What’s going to happen to the housing market? Is it going to crash? That’s a huge question as so many people are wondering how long price growth can continue. Let’s talk about this today by focusing on some of the bigger topics in this conversation. Spoiler alert. This isn’t a YES or NO sort of post. Any thoughts?
Background noise: Just in case you need some background noise today, here is a YouTube Live I did with Jason Walter (90 minutes).
THINGS TO CONSIDER ABOUT TODAY’S HOUSING MARKET:
Doom narratives: Some people gravitate toward dark housing narratives and here are some headlines I’ve heard in recent years:
- The pandemic will cause the housing market to implode
- Forbearance will crash the market
- The end of the eviction moratorium will be the death-blow to housing
- A foreclosure tsunami is on the horizon
- The end of single family zoning will destroy residential real estate
- The demise of Evergrande in China will bring down the world
- Zillow exiting the market signals the top
- What else?
Rosy narratives: In contrast some people embrace a positive-only housing narrative. Instead of looking at stats, it’s like everything feels ultra special like riding a unicorn on a rainbow (I guess that would be nice?). So even saying a word like “slowing” or “cooling” to describe the market seems sinful. But let’s be real. This is just as bad as doom and gloom because it imposes a narrative rather than looking to stats to tell the story of what is happening.
Confusing slowing with crashing: Right now the market is slowing for the fall season and my observation is some people are confusing this with the market crashing. My advice? It’s important to know how the numbers usually dip during a fall season so you can spot if anything truly is abnormal. Let the stats form your perception of trends.
Market cycles: Markets go up and they go down. That’s just what they do, so at some point we would expect to see prices no longer rise. We are on the cusp of entering our eleventh year of price growth in Sacramento and it’s hard to imagine that would continue forever because nothing always goes up. Not bitcoin. Not stocks. Not NFTs. Not baseball cards or beanie babies. Here is a blog post I wrote two years ago to discuss the myth of the seven year rule in real estate. In short, the market does NOT have to change every seven years. Yet we have tended to see somewhat of a cycle in California lately where we have 7-10 years of price growth and then years of decline. So on paper we are due at some point for a change. Keep reading though.
Timing the market perfectly: Everyone wants to sell at the top and buy at the bottom, but pulling that off is easier said than done. In fact, most of the time when I ask people if they bought on purpose in 2012 at the bottom they say, “No, I just got lucky.” This reminds us timing the market isn’t as easy as it sounds. Remember, when a market bottoms out not everyone can afford lower prices because maybe they don’t have a good financial situation to be approved for a loan. This was a huge problem in 2012 where so many people had gone through a foreclosure or short sale and simply were not able to get a loan despite low prices. In short, just because prices are low doesn’t mean your lifestyle will line up perfectly for that moment.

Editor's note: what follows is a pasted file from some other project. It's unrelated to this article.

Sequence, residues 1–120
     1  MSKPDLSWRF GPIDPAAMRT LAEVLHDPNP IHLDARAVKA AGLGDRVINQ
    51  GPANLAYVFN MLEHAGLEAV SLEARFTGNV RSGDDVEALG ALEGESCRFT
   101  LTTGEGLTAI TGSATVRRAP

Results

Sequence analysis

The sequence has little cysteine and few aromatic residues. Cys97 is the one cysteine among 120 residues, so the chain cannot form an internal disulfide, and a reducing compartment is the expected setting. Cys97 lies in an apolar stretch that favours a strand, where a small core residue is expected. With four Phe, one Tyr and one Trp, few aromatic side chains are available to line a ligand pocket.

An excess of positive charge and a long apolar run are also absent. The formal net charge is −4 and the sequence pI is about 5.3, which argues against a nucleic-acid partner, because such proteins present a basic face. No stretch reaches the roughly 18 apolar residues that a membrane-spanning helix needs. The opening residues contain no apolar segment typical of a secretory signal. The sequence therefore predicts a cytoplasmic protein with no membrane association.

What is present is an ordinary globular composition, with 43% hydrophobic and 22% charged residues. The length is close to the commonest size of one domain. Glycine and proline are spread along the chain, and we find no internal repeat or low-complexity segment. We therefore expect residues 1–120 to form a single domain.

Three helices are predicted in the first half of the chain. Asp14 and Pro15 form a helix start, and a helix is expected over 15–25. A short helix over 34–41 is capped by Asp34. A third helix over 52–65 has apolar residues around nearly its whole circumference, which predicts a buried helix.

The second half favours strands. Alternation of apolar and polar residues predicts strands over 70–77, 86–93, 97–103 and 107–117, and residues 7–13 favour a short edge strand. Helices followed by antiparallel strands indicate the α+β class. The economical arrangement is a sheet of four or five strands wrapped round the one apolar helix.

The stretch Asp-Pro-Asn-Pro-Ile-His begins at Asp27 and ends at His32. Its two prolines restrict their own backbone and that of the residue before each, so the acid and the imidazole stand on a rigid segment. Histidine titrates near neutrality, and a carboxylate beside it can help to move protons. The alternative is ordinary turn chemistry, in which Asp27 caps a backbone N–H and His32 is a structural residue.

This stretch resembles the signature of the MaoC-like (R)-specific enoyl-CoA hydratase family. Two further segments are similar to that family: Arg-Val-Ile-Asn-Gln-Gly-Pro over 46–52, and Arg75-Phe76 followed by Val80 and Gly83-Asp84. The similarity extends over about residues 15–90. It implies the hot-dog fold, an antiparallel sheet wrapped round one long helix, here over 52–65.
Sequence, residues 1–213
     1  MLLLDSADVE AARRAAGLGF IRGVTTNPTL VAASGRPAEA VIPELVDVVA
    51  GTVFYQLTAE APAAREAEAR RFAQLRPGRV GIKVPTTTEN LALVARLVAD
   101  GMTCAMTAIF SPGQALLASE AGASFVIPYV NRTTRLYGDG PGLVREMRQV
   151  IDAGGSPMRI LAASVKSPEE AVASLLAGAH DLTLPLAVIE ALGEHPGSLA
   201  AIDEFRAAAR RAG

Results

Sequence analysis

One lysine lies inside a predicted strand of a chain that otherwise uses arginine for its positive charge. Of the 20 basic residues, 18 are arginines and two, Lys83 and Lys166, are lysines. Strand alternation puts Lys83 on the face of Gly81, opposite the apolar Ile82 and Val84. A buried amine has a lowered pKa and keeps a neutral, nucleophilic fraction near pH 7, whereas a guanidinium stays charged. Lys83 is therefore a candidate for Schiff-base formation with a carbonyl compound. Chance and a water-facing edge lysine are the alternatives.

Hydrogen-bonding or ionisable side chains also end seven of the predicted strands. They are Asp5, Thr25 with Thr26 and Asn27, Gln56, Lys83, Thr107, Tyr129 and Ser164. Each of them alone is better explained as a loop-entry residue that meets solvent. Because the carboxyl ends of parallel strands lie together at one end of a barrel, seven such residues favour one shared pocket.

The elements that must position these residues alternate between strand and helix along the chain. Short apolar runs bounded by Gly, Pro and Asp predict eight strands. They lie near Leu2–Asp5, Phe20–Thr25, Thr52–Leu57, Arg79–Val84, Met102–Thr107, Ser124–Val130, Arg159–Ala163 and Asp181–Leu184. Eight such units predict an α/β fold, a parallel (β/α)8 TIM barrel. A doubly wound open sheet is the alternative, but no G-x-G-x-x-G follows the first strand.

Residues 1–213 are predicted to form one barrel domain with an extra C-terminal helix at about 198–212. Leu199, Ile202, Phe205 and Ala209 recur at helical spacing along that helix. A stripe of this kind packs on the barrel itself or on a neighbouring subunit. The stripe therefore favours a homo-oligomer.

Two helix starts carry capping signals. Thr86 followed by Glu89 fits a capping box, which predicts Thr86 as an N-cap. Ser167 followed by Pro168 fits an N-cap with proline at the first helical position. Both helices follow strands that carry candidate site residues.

Not the new template: What happened last time in 2007 isn’t the new template for every future market correction. It’s easy to think there is some sort of market formula, but the implosion we saw back then isn’t all of the sudden what every future change now has to look like. Even history speaks to this. In my area in the 1990s prices dipped by about 15% while during the most recent down cycle they dropped by nearly 60% (median price in Sacramento County).
Not tied to the last price peak: When we get back to the price peak, the market will collapse. I hear things like that and it’s just not true. Let’s take a drive through local history. In the early 2000s the market in my area was already back to the previous price peak from the 1990s, but the market didn’t have to turn because it got back to that level. No, it actually kept going for another three years despite surpassing the price peak.
Not tied to inflation-adjusted prices: In my mind it doesn’t matter either if we are back to inflation-adjusted prices. Again, the market isn’t tied to whatever happened in the past and current buyers aren’t making decisions based on whether we are back or not to inflation-adjusted prices from fifteen years ago. Of course these days some buyers are likely to park money in real estate as a hedge against inflation, but that’s a totally different thing with buyers choosing to buy or not based on inflation-adjusted price stats from years ago.
False prophets and broken crystal balls: Lots of people make housing predictions and when their predictions don’t come true they punt their predictions down the road until one day they’ll be correct. I can already see the social media flex where someone says, “Bro, I called the market.” Well, maybe that is technically true, but what you actually did was lose credibility over many years before you were eventually right. While we can have ideas about the future, at some point let’s concede nobody really knows exactly what is going to happen.